No need for DOH to conduct mandatory vaccination: Palace
Malacanang on Friday said there is no need for the Department of Health (DOH) to conduct mandatory vaccination as the public is aware of its importance after the measles outbreak.
Cabinet Secretary Karlo Nograles in a briefing said there is no need to make it mandatory as it might lead to filing of petitions in court.
Nograles said it is better for the DOH to step up their drive and seek the help of the Local Government Units (LGU).
“I don’t think it is needed. I think it might question in the court somehow. So I think all we need to do is step up the drive, the DOH has to step up its drive and involved the Local Government Units,” he said.
“I think the LGUs play a very critical and important part in this immunization program and other program of the government,” he added.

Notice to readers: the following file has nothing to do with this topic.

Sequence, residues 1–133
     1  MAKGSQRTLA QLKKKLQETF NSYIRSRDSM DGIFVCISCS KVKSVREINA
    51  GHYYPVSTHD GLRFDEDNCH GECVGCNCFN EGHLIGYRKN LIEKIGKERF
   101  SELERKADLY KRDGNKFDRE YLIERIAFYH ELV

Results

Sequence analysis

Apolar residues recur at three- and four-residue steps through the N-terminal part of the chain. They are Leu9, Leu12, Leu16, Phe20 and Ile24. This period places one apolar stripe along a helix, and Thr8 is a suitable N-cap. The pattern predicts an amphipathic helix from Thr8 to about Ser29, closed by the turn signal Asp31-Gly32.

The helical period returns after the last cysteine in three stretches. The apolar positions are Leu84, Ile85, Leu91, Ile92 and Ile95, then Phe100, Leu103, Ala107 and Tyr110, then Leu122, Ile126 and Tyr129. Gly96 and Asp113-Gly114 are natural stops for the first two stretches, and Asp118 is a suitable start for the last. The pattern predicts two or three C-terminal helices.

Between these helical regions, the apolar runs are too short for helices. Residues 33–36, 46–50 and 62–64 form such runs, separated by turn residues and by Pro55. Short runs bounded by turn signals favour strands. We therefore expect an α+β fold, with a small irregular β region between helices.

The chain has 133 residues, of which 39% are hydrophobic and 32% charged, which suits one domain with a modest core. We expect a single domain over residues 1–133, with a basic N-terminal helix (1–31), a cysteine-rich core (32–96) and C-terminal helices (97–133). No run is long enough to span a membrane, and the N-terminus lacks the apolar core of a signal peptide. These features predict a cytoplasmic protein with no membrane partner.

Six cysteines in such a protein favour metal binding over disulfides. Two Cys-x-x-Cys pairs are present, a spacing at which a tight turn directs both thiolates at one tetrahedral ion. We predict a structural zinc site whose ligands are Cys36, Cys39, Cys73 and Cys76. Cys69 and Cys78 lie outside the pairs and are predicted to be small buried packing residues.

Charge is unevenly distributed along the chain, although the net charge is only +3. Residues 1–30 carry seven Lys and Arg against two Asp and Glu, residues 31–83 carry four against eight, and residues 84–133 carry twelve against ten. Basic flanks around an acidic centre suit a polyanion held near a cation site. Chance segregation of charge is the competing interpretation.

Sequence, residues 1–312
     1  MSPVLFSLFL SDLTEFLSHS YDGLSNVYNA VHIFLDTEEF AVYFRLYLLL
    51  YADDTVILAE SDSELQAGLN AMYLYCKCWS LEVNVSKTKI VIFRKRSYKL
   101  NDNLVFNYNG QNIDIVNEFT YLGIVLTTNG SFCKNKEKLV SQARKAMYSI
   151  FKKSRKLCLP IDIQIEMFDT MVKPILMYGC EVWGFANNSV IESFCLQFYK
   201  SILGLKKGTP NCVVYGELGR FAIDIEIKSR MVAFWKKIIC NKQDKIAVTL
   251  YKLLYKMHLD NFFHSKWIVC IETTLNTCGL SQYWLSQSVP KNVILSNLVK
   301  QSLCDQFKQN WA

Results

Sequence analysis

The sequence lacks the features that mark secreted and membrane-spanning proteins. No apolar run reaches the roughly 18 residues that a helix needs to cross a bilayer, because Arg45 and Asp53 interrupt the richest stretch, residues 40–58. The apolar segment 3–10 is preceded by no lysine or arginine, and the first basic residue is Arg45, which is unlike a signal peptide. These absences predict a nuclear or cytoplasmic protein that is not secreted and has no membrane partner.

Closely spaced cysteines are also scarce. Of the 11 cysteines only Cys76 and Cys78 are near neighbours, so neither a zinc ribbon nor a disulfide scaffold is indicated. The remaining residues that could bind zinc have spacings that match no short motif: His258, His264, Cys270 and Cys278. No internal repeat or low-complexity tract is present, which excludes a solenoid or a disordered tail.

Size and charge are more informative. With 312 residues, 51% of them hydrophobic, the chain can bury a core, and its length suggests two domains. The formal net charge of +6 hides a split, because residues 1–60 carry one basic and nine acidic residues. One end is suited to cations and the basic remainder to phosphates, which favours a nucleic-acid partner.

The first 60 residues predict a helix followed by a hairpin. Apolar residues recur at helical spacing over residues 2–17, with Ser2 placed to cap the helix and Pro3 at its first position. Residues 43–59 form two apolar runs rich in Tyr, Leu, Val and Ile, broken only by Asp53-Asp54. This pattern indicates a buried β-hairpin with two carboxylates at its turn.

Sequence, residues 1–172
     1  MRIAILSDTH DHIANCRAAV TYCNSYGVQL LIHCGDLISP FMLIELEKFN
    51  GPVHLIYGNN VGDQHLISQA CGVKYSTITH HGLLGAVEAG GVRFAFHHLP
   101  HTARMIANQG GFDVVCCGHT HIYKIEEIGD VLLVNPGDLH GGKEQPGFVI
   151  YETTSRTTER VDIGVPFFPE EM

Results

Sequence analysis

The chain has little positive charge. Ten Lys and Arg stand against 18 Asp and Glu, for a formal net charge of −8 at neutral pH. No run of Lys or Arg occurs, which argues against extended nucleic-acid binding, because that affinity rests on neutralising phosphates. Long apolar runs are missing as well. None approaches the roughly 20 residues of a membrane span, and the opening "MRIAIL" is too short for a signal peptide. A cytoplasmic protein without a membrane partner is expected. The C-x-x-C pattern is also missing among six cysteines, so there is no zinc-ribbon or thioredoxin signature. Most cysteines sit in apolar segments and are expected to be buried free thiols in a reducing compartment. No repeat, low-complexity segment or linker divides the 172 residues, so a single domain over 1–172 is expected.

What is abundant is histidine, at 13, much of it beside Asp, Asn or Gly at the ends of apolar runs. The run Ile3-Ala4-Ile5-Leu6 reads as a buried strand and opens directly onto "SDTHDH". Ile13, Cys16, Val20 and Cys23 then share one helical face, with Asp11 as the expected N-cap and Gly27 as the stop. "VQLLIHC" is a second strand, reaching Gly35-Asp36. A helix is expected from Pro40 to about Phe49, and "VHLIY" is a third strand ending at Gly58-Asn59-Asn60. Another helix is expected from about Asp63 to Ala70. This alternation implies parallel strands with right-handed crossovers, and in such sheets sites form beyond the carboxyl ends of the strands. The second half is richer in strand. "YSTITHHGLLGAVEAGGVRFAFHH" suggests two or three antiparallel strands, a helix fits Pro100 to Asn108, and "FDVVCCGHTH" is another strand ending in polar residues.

Nograles said what Health Secretary Francisco Duque is doing right is good since everyone is talking about the vaccination issue.
He said it helps the campaign in emphasizing the importance of the vaccination.
“So now, people are now forced, parents are forced to reconsider the focus they have on immunization program of the Department of Health,” he said.
During the cabinet meeting last Wednesday, President Rodrigo Duterte directed DOH to boost communication efforts on the importance of vaccination, with the active involvement of government media entities like the Presidential Communications Operations Office.
“The president agreed that the DOH must pursue a more aggressive action on addressing this (measles) outbreak. The PCOO will help in information dissemination and communicating to the people on the importance of vaccination,” said Nograles.
DOH on Thursday announced they are expanding the coverage of the measles outbreak to other parts of the country after they showed increasing cases this year as of January 26.
Aside from Metro Manila, the four regions are Central Luzon, Calabarzon, Western Visayas, and Central Luzon.
Duque said the lack of vaccine confidence brought about by the Dengvaxia controversy remains as the foremost reason for the measles outbreak. Ella Dionisio/DMS